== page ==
Abner wasn’t the only one to get treats on the route. Brandt had a customer who, for years, always left him a slice of cake. These personal connections are a special part of a rural post office like Globe’s. “I couldn’t picture myself working in a big city because I have to interact with people,” says Tarango. She values the fact that she can address customers by their first names and take a few seconds to chat with them, maybe about how their parents are doing. When Tarango talks about her co-workers she uses the phrase “postal family.”
Globe Postmaster Kenny Cobos started working for the Postal Service in Chandler in 1999. He became Globe’s postmaster in September 2015 after a stint as Postmaster in Holbook. “I love the sense of camaraderie and teamwork staffs at rural Post Offices have,” says Cobos. Cobos filled in for the Miami Postmaster for a summer and enjoyed working in the Globe-Miami communities, which influenced his decision to seek out the position in Globe. “I had never really been to this area before that and I just really loved the friendliness of everybody. I was used to working in Mesa where it’s just busy, busy, busy all the time,” says Cobos. “I had a guy in Miami, every single day he came in and bought one stamp, but I got to know him. I really enjoyed that. I left that thinking ‘Wow, I love that small town atmosphere,’” he explains.
Brandt speaks to that same deeply personal connection. “I think of the customers I’ve lost over the years. You do become part of their family. My god, you know them for 30 years,” he says. “I’ve been to lots of funerals. I’ve had family members ask ‘Come in your uniform,’ because you’re part of the family.”
This sort of request, to show up in uniform to a funeral, is a reminder that post office employees are civil servants. “We’re sworn in, we take an oath of office. You swear to defend the constitution […] you take that seriously,” says Brandt. The ways that they serve the community go far beyond delivering the mail. Brandt has a number of homebound customers who he keeps a close eye on. “If they don’t pick up their mail, I’m on the door,” he says. Over the years he has found three people who had fallen and couldn’t get help. “That’s part of the job. You know your customers and if something looks wrong, you check on them,” he says. The Postal Service calls this the Carrier Alert Program. Similarly, as a clerk, Tarango has customers who feel comfortable coming to her when they need to talk. “You know what, I’m here. I’m here. Anytime you want,” says Tarango with a laugh. Cobos says too, “What I love most about my job is the people aspect of it.”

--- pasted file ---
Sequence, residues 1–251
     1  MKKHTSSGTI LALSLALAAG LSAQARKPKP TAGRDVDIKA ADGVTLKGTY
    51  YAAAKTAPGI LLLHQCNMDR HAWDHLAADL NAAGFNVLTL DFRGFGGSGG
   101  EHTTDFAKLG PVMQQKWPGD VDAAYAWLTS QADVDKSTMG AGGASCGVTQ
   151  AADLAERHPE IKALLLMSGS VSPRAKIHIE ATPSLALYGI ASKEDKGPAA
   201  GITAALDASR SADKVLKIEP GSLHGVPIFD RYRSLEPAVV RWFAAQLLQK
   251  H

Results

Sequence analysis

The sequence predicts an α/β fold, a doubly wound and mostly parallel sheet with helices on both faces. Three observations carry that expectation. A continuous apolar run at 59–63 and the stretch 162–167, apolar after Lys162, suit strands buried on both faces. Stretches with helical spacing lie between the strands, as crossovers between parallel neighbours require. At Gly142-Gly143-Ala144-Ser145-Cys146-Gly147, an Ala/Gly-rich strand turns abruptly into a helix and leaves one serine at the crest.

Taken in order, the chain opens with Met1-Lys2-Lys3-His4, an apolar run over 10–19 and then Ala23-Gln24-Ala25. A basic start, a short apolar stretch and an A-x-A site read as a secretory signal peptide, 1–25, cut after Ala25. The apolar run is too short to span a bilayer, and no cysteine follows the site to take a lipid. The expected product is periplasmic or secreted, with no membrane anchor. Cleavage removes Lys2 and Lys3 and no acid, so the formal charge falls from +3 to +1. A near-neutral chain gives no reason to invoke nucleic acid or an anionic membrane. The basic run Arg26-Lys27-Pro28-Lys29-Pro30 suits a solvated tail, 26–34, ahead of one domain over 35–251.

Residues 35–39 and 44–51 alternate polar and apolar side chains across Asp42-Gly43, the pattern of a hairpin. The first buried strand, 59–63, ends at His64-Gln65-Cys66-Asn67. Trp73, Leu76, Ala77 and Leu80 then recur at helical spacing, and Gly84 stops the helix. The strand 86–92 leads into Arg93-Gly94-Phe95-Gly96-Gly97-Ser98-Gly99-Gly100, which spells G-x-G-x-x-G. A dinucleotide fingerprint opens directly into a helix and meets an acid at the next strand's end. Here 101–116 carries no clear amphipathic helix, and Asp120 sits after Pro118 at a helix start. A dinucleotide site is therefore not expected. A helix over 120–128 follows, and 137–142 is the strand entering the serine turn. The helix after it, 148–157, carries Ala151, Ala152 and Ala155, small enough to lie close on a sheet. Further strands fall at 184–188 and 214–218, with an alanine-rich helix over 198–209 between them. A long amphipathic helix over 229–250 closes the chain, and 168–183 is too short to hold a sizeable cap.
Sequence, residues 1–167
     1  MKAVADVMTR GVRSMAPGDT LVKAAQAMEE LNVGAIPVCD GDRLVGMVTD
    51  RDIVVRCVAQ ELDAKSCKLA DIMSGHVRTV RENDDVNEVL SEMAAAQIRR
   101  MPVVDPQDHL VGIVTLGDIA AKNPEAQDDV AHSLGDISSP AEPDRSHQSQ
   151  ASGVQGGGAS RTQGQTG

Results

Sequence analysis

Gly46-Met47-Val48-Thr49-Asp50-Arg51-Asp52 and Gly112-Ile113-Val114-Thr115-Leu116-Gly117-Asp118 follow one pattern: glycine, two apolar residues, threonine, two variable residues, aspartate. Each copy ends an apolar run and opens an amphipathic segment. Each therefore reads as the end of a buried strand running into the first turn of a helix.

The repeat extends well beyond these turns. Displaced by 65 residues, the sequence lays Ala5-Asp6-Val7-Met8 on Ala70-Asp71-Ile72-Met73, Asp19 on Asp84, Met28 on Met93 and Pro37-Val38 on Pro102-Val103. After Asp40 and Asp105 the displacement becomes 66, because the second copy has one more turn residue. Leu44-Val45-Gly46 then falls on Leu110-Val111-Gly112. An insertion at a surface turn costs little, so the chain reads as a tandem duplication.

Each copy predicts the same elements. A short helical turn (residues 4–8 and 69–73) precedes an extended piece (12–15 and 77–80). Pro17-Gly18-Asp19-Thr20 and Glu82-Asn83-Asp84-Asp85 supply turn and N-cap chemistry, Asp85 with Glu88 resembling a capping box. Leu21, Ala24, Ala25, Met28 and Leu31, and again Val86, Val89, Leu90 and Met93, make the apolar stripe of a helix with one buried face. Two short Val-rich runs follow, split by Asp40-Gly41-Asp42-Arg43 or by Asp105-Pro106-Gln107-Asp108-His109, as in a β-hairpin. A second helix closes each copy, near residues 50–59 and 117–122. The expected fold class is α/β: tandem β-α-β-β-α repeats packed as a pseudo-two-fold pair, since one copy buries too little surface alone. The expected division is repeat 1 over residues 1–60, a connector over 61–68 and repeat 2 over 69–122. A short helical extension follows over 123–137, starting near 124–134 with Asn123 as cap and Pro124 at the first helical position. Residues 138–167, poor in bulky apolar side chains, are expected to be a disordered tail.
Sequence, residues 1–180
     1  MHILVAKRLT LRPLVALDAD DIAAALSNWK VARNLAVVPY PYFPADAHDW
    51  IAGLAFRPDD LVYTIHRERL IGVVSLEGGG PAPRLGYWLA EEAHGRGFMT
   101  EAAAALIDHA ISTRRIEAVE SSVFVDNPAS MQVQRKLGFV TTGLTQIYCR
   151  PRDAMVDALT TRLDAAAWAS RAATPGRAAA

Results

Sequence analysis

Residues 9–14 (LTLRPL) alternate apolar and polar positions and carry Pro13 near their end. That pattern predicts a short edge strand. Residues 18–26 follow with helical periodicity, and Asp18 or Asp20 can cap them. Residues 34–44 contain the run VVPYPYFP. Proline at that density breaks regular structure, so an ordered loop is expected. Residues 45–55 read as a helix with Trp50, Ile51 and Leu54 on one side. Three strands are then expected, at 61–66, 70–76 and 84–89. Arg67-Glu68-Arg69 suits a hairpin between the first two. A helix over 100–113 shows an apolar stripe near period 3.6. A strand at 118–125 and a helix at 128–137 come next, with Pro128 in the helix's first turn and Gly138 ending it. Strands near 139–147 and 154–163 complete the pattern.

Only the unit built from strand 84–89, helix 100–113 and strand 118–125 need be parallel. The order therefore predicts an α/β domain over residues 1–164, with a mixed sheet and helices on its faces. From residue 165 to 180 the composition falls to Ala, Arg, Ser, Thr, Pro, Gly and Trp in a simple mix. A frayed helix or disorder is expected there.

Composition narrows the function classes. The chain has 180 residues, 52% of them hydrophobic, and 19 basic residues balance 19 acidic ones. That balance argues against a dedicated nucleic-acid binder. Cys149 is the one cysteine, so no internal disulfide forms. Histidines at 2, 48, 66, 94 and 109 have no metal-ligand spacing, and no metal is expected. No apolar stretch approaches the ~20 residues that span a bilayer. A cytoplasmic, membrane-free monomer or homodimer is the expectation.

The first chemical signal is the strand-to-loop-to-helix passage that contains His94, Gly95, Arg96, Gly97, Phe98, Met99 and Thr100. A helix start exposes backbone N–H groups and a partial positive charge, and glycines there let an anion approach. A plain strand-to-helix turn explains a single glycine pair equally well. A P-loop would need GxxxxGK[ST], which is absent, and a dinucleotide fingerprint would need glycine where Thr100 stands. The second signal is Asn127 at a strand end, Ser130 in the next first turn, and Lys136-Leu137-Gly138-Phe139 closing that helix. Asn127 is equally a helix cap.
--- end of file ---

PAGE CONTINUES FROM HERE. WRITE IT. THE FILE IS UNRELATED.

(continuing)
On the flip side, “We represent the United States Government and, boy, sometimes we get it,” says Brandt. He smiles as he says this and seems to have a sense of humor about it. Tarango says it’s worse around tax time, when citizens are more likely to be harboring some dissatisfaction with their government. Everyone interviewed for this story wanted to point out that the United States Postal Service does not receive any tax dollars for operations. It runs solely on the revenue from postage sales and other services. “We have nothing to do with anything political,” says Brandt. According to the Postal Service, it is the largest retail network in the U.S and is larger than McDonald’s, Starbucks and Walmart combined.
Brandt says he often asked whether or not things like email are going have a big impact on the Postal Service. “I haven’t seen it,” he says. Although the total volume of mail handled by the USPS decreased from 213.1 billion to 154.2 billion between 2006 and 2015, the volume of packages and number of delivery points have increased steadily. Brandt says he notices a decrease in the amount of mail during the summer, which helps him out because of the hot weather. Tarango says that around the time school starts up, they’ll see the amount of mail they’re dealing with pick up again.
It’s clear that in spite of things becoming more computerized—in the Postal Service and in the country at large—the folks at the Globe Post Office have found ways to maintain the personal connection with the community that they so obviously value. “That’s something that I will never forget,” says Brandt. “Just being part of the different families that you wouldn’t otherwise know.”
Autumn Giles is a freelance writer and recipe developer whose work has appeared in Edible Baja Arizona, Modern Farmer, Punch, Serious Eats, and elsewhere. Her first book, Beyond Canning was published in February 2016.